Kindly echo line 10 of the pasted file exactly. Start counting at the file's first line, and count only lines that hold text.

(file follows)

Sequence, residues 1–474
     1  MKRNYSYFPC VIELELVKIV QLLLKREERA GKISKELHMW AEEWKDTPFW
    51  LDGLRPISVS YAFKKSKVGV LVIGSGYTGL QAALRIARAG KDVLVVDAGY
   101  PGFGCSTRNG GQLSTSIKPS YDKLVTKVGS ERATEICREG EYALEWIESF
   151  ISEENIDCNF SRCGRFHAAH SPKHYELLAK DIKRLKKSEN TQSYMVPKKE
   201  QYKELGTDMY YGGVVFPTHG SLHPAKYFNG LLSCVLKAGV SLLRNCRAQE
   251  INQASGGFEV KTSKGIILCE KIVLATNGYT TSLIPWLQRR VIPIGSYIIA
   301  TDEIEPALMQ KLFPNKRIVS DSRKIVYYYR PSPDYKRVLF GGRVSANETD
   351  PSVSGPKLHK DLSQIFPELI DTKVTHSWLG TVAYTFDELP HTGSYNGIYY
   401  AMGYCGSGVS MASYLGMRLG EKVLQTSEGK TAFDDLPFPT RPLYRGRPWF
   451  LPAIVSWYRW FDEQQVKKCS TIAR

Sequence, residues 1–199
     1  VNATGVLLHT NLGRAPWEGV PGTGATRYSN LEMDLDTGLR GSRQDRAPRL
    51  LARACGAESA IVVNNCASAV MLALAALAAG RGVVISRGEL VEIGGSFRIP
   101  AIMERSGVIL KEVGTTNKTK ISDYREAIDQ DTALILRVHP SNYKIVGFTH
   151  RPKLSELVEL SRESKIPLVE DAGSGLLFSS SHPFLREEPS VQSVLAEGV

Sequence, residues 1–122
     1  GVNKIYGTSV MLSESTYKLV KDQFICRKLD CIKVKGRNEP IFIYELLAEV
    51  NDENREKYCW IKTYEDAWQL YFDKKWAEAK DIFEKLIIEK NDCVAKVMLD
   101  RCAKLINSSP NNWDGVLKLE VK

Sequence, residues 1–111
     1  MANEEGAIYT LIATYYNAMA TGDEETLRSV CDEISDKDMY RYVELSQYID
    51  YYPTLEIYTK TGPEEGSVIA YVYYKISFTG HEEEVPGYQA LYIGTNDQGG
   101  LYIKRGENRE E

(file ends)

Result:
   401  AMGYCGSGVS MASYLGMRLG EKVLQTSEGK TAFDDLPFPT RPLYRGRPWF